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Detroit Lions bringing high-energy competition to Senior Bowl practices

Much like their practices in Allen Park, the Lions have built in competitive reps into practice in order to increase competition.

NCAA Football: Senior Bowl Practice Vasha Hunt-USA TODAY Sports

At the end of Tuesday’s Senior Bowl practice, two of the best players on the American team lined up opposite each other. Florida State edge defender Jermaine Johnson squared up against Kentucky’s behemoth offensive tackle Darian Kinnard. As the rest of the squad watched, Johnson tried his best to go through Kinnard to get to Western Kentucky quarterback Bailey Zappe for three straight reps.

Johnson decisively won the first rep, and he let Kinnard know it. The second was indecisive. The third rep, Kinnard perfectly stymied Johnson’s spin move attempt, and waved goodbye to Johnson as the rest of the American team offense roared.

Eventually, the team turned to Duce Staley for an official ruling. Staley, the Lions running backs coach/assistant head coach who has been the acting head coach this week at the Senior Bowl, ruled in the favor of the offense. Everyone on the defensive side of the ball had to do push ups. You be the judge:

The Lions opened Wednesday’s practice with another competitive set of reps. This time, South Carolina edge defender Kingsley Enagbare completely blew up San Diego State tight end Daniel Bellinger decisive on back-to-back reps.

For many spectators at the Senior Bowl, this was a unique way to build some excitement and competition for the players on hand. For anyone that has watched the Lions practice under this coaching squad, it was standard operating procedure.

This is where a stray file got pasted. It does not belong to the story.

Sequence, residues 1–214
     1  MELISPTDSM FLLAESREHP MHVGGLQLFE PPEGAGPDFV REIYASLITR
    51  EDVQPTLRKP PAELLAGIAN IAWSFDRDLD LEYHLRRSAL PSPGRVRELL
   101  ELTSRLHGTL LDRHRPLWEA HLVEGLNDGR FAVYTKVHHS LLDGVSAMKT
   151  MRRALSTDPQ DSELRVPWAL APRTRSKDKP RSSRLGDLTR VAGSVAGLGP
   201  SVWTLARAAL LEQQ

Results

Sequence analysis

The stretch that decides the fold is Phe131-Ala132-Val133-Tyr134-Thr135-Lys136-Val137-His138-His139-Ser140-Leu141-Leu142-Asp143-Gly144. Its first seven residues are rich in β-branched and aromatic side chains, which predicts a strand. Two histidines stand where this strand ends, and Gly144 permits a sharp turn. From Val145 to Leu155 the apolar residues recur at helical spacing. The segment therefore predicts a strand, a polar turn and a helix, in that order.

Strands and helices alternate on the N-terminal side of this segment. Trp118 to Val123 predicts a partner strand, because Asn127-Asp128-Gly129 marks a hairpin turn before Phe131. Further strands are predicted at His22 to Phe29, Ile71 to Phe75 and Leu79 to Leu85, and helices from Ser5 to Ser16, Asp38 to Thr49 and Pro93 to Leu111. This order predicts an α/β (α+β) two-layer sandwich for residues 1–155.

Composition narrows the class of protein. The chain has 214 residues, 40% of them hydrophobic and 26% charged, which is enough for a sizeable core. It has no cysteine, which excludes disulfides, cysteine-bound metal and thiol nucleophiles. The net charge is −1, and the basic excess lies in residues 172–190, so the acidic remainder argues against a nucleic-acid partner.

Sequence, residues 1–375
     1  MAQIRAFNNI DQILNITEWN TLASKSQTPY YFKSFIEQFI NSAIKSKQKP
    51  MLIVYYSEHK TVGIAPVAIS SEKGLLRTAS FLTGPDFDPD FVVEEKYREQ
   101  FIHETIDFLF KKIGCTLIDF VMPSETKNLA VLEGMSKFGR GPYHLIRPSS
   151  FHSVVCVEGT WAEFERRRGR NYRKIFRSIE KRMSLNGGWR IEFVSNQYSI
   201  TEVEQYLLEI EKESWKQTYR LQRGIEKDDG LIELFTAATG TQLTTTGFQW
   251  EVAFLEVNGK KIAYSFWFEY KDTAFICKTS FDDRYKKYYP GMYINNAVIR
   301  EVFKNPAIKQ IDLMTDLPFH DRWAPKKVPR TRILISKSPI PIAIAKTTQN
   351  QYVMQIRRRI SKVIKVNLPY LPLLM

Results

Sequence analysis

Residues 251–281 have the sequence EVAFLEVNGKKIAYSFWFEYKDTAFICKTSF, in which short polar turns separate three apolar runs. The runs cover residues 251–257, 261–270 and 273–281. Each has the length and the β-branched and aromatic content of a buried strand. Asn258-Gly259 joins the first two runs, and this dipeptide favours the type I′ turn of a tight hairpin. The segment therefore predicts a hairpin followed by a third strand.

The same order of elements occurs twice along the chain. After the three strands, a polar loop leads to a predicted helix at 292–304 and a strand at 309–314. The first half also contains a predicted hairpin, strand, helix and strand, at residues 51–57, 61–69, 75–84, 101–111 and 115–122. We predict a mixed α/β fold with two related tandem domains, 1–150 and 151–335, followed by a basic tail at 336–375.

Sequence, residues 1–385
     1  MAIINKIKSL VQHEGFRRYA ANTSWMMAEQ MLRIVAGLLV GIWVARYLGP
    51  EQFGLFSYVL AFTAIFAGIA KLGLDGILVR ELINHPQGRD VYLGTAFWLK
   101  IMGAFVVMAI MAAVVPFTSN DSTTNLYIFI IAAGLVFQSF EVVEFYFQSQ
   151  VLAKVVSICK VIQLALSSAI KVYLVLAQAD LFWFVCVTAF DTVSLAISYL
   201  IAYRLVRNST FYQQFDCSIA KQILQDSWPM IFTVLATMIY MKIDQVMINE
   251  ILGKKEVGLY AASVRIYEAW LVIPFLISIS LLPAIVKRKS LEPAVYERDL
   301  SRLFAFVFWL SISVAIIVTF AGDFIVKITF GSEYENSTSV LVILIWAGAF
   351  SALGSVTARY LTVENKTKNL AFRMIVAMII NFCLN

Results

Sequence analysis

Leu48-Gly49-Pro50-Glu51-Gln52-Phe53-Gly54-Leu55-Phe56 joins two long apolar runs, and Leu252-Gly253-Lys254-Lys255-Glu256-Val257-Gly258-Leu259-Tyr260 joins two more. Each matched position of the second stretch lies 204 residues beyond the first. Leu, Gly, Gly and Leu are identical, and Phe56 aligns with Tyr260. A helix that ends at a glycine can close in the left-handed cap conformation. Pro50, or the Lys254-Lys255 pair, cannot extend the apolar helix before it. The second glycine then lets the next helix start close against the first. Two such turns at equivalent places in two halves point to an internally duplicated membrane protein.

These types of competitive, team-building drills have been baked into practices since Dan Campbell and company have taken over.

“So it’s competition. Everything is about competition,” Staley said after Tuesday’s practice. “We’ve got to get them to compete. That’s the one thing: digest the information and compete.”

And while it was Campbell that brought that intensity to Detroit, it’s been Staley who brought it to Mobile. Full practice scheduling has been Staley’s job this week, and he’s put his own twist on it for these college seniors.

“There’s a certain way that we do things where we’re at, but that’s his own spin, his own flavor into it,” Campbell said on Wednesday. “We’re big into competition and certainly Duce is. He’s big into competition and winning your one-on-ones. Somebody’s gotta win somebody’s gotta lose and there’s a price to be paid either way.”

That competition naturally flows down to Detroit’s coaching staff, which is filled with former players in this league. One of those coaches—defensive coordinator Aaron Glenn—didn’t think Staley was playing fair with his rulings.

“That was BS, and Duce knew it was BS,” Glenn said. “I’m just going to keep that at that. When you’re the head coach, you can do whatever you want to do. He’s taking full advantage of that.”

Staley admitted there may have been some bias in his decision.

“I’m head coach. Offense wins. If offense would’ve lost, I had to do push ups.”